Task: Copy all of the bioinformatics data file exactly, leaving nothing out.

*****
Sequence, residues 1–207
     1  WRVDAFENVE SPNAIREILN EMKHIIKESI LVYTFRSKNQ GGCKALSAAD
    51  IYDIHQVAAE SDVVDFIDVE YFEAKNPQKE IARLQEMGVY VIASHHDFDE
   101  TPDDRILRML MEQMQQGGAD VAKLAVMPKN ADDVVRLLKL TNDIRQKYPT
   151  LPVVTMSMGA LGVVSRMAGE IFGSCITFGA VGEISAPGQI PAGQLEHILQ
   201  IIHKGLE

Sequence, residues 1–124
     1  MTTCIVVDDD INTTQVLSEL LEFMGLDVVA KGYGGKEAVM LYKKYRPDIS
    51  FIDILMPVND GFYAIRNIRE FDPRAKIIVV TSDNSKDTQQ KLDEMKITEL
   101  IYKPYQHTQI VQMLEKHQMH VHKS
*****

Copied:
Sequence, residues 1–207
     1  WRVDAFENVE SPNAIREILN EMKHIIKESI LVYTFRSKNQ GGCKALSAAD
    51  IYDIHQVAAE SDVVDFIDVE YFEAKNPQKE IARLQEMGVY VIASHHDFDE
   101  TPDDRILRML MEQMQQGGAD VAKLAVMPKN ADDVVRLLKL TNDIRQKYPT
   151  LPVVTMSMGA LGVVSRMAGE IFGSCITFGA VGEISAPGQI PAGQLEHILQ
   201  IIHKGLE

Sequence, residues 1–124
     1  MTTCIVVDDD INTTQVLSEL LEFMGLDVVA KGYGGKEAVM LYKKYRPDIS
    51  FIDILMPVND GFYAIRNIRE FDPRAKIIVV TSDNSKDTQQ KLDEMKITEL
   101  IYKPYQHTQI VQMLEKHQMH VHKS